Some of the most amusing moments of my ministry have occurred while interviewing others to work in the various congregations I have served. “So what interests you in this Administrative Assistant position at our church?” I asked a candidate in Boone. “Well,” she replied, “I’ve worked in a law office for several years now, and I’m honestly just sick and tired of how people can treat each other so terribly, so when I saw this position advertised, I thought, ‘Wow, wouldn’t it be great to work in a place where everybody always gets along for a change!’” Her assumption seemed to be the rule rather than the exception. Church people always love one another, and therefore they never behave in anything other than a loving way.
She should have read St. Augustine’s daily prayer for the late 4th/early 5th century when he served as Bishop of Hippo in northern Africa. “…Lord, save us from the forces of evil and from all these Christians.” Apparently, the 5th-century job description or practical reality for bishops was similar to that of the 21st. Manage conflict. Apparently, given St. Paul’s 1st-century words to the church in Corinth, even the very earliest days of the church were rife with conflict. Heck, why was he in Corinth to begin with? Because he and Peter didn’t get along back in Jerusalem! Jesus himself anticipated conflict in the Christian community and how to address it in Matthew 18. Anyhow, Paul urges Corinthians to stop their squabbling by focusing not on a convergence of opinion but on their common baptism into Christ.
Now I appeal to you, brothers and sisters, by the name of our Lord Jesus Christ, that all of you be in agreement and that there be no divisions among you, but that you be united in the same mind and the same purpose. For it has been reported to me by Chloe’s people that there are quarrels among you, my brothers and sisters. What I mean is that each of you says, “I belong to Paul,” or “I belong to Apollos,” or “I belong to Cephas,” or “I belong to Christ.” Has Christ been divided? (1 Corinthians 1:10-13)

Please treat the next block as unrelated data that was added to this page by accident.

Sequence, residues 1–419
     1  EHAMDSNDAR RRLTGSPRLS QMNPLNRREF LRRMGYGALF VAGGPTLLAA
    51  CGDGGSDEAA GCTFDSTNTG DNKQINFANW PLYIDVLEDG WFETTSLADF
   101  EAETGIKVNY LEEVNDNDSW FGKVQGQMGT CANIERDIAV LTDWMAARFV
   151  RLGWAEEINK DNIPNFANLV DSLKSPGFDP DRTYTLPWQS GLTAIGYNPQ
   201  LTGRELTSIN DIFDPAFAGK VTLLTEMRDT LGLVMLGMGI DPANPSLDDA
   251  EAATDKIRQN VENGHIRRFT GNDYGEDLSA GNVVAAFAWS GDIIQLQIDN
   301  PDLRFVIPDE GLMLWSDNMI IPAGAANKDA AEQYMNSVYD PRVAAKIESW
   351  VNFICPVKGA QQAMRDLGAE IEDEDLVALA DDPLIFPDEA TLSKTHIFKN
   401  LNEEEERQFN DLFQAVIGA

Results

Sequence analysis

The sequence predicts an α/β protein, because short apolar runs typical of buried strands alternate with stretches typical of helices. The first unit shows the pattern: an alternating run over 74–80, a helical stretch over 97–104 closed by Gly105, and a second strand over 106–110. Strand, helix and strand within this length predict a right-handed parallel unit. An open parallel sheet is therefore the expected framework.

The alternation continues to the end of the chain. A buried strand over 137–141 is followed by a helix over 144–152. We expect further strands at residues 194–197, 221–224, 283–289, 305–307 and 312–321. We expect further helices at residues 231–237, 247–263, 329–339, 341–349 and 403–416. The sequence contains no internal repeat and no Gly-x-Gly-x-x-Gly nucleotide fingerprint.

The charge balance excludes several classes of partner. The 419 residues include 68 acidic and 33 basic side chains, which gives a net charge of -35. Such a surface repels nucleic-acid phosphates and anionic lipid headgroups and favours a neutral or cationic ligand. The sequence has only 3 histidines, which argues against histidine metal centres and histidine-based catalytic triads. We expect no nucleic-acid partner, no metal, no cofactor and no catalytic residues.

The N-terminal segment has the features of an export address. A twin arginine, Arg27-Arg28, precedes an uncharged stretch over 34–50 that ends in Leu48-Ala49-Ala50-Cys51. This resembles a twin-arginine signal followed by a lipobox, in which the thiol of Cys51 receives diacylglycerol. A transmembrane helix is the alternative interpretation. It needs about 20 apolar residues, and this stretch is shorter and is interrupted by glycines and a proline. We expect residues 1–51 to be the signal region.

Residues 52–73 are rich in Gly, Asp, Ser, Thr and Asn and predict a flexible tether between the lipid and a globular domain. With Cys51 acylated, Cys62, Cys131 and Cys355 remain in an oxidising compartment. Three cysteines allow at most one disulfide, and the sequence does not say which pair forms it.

The problem with the Church is the same as the problem with Communism, or Capitalism, or the Republican Party or the Democratic Party, or with the 4th, 12th, or 18th century, or the Royal Order of Buffalo: there are people in them! People are selfish, sinful, broken. Conflict happens, inevitably.
In counseling with couples preparing for marriage, we talk about the church in Corinth. Well, maybe not explicitly, but I always remind them that the fact that Jane loves Joe or Joe loves Jane or even the sum total of those loves won’t sustain them over the long haul. There must be something bigger than Joe’s love, bigger than Jane’s love, at the center of this relationship, which is why we pray fervently for and focus mightily on Christ’s presence at the center of that relationship binding them together in communication, sacrifice, commitment, and forgiveness.
Christians do not—and have not from the get-go—based their unity on shared preference, politics, or opinion. As different as we might be, what binds us is that somehow we are caught up in the story of Jesus and its promise and claim on our lives. So long as there are people in the church, which at the end of the day and even for all the challenge of it I greatly prefer, there will be divisions, hurt feelings, differences of opinion, and conflict along with all the positives of human community. Christ at the center, Christ as the lens through which we interpret everything, Christ as the peace we share before communion, will always be the tie that binds. May we always start and, when we stray, return there!